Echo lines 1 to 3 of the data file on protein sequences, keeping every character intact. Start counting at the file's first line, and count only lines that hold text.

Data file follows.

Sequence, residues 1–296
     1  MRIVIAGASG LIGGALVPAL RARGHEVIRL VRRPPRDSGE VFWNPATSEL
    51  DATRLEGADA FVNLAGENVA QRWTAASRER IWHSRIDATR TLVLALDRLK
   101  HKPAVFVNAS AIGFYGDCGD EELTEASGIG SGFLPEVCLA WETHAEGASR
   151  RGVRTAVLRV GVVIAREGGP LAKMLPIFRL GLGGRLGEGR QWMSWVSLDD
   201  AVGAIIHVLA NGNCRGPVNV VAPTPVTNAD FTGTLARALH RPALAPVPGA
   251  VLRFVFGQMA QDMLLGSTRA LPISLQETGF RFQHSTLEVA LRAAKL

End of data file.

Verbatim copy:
Sequence, residues 1–296
     1  MRIVIAGASG LIGGALVPAL RARGHEVIRL VRRPPRDSGE VFWNPATSEL
    51  DATRLEGADA FVNLAGENVA QRWTAASRER IWHSRIDATR TLVLALDRLK